|About the Book|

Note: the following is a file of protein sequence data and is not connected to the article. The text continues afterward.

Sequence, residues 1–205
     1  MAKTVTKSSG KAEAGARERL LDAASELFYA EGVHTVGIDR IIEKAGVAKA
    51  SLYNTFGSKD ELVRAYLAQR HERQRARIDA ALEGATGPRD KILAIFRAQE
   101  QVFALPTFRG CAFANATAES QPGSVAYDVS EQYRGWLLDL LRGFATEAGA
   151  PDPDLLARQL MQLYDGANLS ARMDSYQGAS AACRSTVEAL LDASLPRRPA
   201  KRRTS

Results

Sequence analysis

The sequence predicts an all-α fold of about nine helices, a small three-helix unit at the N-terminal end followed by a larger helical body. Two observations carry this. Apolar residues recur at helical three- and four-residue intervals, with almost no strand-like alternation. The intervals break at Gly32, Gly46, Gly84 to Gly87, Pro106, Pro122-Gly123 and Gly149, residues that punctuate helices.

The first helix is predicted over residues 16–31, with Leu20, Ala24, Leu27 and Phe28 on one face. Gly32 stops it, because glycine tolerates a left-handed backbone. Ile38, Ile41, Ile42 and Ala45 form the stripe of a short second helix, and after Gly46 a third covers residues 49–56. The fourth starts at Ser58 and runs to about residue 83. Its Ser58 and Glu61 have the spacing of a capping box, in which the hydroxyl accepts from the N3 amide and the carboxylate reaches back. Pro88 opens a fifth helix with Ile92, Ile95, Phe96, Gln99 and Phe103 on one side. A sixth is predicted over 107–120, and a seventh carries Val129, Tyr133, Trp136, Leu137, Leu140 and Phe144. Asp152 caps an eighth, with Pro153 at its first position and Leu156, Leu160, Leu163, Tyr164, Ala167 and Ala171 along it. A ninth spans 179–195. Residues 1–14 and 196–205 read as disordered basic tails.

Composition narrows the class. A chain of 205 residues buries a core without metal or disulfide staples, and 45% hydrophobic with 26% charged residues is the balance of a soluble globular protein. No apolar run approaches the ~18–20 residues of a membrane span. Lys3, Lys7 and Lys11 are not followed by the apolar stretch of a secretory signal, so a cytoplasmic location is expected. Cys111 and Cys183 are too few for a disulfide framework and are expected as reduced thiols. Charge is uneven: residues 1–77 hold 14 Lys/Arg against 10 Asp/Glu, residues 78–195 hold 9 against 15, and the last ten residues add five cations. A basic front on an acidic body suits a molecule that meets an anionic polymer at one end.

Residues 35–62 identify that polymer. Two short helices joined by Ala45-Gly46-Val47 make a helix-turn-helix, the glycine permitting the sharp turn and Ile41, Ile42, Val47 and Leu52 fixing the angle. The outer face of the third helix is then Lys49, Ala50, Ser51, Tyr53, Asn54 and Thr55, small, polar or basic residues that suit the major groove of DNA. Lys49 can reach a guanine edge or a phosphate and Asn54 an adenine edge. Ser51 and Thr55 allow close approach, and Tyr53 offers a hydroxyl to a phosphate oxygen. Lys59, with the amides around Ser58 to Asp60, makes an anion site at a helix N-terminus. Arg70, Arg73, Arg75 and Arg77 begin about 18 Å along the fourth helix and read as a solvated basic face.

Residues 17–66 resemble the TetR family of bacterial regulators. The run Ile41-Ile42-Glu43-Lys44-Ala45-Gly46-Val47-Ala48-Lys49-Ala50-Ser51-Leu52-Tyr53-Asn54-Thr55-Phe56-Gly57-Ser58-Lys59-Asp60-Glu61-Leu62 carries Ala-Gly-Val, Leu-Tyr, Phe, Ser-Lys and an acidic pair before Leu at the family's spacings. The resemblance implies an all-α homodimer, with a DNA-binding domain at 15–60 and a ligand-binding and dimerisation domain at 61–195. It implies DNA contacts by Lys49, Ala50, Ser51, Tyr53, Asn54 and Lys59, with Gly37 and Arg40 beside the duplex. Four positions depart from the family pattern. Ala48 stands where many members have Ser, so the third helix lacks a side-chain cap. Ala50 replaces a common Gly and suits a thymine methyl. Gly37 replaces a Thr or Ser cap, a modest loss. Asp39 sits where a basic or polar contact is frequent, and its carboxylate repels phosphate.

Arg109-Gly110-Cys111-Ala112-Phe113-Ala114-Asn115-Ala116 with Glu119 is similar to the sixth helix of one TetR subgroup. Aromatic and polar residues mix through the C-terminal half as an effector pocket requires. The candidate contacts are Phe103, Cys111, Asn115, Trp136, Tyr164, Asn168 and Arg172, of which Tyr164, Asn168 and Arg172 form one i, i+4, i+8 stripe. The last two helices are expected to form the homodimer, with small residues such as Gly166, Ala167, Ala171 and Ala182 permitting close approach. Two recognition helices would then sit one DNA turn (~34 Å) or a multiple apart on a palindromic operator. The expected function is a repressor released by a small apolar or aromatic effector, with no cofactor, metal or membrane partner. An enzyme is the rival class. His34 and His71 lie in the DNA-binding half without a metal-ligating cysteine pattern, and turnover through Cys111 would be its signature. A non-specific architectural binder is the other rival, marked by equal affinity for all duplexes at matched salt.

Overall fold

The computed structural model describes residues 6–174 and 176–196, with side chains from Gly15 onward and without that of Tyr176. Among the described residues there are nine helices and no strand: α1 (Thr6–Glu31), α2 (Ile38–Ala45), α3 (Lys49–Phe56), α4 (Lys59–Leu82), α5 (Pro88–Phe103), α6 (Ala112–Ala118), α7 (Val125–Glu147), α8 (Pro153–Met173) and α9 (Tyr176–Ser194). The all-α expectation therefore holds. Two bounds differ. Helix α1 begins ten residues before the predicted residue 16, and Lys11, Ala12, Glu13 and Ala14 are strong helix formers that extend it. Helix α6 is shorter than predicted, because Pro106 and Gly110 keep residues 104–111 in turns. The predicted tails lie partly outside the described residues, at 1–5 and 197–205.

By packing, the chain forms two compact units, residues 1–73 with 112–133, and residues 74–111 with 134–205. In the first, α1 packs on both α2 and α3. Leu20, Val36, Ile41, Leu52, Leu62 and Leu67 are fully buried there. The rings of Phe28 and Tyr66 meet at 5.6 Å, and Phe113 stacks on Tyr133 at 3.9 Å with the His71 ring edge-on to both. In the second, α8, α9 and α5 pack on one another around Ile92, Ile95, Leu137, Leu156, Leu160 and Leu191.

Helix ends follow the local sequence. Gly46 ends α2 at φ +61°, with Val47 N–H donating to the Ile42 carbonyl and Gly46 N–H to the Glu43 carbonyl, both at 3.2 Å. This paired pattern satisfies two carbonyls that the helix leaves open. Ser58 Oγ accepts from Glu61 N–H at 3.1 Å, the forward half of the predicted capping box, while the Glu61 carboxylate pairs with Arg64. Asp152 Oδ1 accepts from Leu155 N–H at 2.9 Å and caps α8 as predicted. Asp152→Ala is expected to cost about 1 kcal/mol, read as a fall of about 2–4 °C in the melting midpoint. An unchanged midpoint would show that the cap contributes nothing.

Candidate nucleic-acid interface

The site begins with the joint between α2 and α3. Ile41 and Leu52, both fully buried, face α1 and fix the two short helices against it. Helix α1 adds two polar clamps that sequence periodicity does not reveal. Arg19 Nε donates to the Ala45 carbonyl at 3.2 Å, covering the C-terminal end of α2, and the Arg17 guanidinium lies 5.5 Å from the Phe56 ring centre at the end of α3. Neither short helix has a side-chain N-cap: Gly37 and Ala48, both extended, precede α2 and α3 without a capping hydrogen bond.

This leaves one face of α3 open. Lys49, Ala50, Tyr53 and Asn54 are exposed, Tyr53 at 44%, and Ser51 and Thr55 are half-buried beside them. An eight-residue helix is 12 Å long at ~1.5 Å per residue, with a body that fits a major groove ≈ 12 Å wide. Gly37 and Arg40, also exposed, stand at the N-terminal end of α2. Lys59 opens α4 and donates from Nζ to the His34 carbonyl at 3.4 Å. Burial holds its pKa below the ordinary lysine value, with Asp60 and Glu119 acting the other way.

This is an updated version of the paperback book which was published to celebrate the Bicentenary of the Abolition of the Slave Trade in 2007.This book is unique in focusing not on the slave trade itself, but the wider context of the trade, and sites linked to it. Whilst early explorers are widely demonised for making it possible to enslave Africans, their accounts were often later used to advance the cause of abolition. The African slave trade is often seen as one based on race and colour, but it is impossible to view the trade without also considering the conditions of the British poor, in particular, the transportation of prisoners to the colonies which happened at the same time.The book also looks at people involved in the long abolition campaign, not just here, but abroad, and their roles in other human rights campaigns. The book also looks at the role of women in abolition, and how the campaign helped lead to later campaigns.The walking trail begins in the centre of the city, winds round the old town, then heads into the southern parishes, returns to The Centre and the university precinct, visiting a wide range of sites with many different associations to the slave trade, its abolition, and other human rights causes.The book has three sections:- an introduction/overview,- a map of the walking trail,- the trail itself with clear directions of the route and a wide variety of sites and people associated with them.